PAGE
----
SEATTLE -- After years of trying to engineer a more environmentally friendly coffee cup, Starbucks is turning to you for ideas. And it's willing to pay.
The company announced Tuesday that it's launching a $10 million grant challenge to solicit designs for a cup that's easier to recycle. Starbucks partnered with a recycling-focused investor group called Closed Loop Partners for the project.
A coffee cup is an environmental nightmare. Most are made from cardboard with a thin layer of plastic tightly attached to the cup. This keeps the drink warm and prevents the cardboard from becoming soggy. But it also makes the cup difficult to recycle. It takes about 20 years for such a cup to decompose.
About 600 billion of these sorts of cups are distributed globally each year, and Starbucks accounts for about 6 billion of them, according to a press release.
The coffee chain has been working on the coffee cup issue for some time, without much luck.
"We've always had a social impact agenda," Starbucks CEO Kevin Johnson told CNN's Maggie Lake on Wednesday. Sustainability is a big part of that agenda, he said.
In 2008, Starbucks set several aggressive goals to reduce its environmental impact. In 2010 it pledged to ensure that 100% of its cups would be reusable or recyclable by 2015 -- which did not happen.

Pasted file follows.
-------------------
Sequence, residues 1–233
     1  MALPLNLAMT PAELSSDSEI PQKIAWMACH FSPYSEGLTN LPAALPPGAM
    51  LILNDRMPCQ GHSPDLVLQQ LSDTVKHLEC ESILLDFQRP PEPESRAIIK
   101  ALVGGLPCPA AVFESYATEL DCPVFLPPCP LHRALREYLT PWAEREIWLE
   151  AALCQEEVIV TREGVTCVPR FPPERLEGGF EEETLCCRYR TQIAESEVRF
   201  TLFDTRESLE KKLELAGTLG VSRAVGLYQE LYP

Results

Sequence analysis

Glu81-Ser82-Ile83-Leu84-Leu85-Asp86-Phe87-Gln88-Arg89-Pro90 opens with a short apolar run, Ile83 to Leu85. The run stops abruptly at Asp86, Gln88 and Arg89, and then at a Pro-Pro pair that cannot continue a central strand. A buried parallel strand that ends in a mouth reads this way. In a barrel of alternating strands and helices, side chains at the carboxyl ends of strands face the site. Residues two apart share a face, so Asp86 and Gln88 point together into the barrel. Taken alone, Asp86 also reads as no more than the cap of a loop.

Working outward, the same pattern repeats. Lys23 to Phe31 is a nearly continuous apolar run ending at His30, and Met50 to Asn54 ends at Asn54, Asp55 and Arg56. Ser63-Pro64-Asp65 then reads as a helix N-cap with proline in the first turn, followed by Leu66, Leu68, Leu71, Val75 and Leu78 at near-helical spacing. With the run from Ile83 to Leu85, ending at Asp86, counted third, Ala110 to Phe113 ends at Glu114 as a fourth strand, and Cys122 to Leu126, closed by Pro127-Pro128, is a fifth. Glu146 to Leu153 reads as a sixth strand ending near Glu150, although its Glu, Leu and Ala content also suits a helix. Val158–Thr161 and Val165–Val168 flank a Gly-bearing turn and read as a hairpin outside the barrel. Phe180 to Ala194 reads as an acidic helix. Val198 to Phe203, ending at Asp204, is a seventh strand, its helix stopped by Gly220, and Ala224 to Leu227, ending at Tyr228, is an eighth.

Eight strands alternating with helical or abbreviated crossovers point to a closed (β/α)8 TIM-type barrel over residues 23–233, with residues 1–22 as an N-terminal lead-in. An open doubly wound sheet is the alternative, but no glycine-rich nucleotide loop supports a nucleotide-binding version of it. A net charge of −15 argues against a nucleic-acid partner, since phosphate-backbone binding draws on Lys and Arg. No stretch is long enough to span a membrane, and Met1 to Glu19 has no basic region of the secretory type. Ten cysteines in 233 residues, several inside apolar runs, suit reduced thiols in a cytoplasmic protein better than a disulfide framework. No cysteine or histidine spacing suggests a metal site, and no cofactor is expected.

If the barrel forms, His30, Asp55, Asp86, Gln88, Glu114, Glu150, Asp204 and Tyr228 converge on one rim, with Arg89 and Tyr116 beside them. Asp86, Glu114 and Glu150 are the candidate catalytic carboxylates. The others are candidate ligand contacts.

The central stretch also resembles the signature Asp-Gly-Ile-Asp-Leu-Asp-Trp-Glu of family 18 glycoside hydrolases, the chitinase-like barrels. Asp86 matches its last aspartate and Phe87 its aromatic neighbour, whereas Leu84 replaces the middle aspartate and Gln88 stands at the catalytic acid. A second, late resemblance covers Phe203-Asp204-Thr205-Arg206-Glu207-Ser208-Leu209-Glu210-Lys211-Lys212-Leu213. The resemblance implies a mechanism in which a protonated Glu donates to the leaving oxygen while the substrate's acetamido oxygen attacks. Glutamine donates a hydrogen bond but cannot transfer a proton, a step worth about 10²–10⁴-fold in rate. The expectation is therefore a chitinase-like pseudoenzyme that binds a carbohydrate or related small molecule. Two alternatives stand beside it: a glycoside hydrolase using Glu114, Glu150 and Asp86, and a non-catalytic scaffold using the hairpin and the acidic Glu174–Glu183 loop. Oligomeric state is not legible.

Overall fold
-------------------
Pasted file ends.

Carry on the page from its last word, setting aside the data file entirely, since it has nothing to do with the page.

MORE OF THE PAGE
Its current cups are made with just 10% post-consumer recycled fiber, and they're only recycled in cities with the "appropriate infrastructure" including Seattle, San Francisco, New York, and Washington, DC.
"No one is satisfied with the incremental industry progress made to date, it's just not moving fast enough," said Colleen Chapman, vice president of Starbucks global social impact overseeing sustainability, in a statement.
Separate from the grant challenge, the company said it's conducting its 13th internal test on a cup with an inner lining made of plant fiber to see if can prevent hot liquid from leaking.
Companies have been feeling increasing heat over the issue from environmental groups, such as Stand.earth, which is behind the hashtag #Bettercups, a forum for complaints about unsustainable cup design.
Dunkin' Donuts said last month that it will eliminate polystyrene plastic foam cups by spring of this year and get rid of foam cups altogether by 2020. They will be replaced by recyclable paper cups, according to the company.
McDonald's also said earlier this year that it would eliminate foam cups and replace them with renewable or recyclable materials in all packaging by 2015.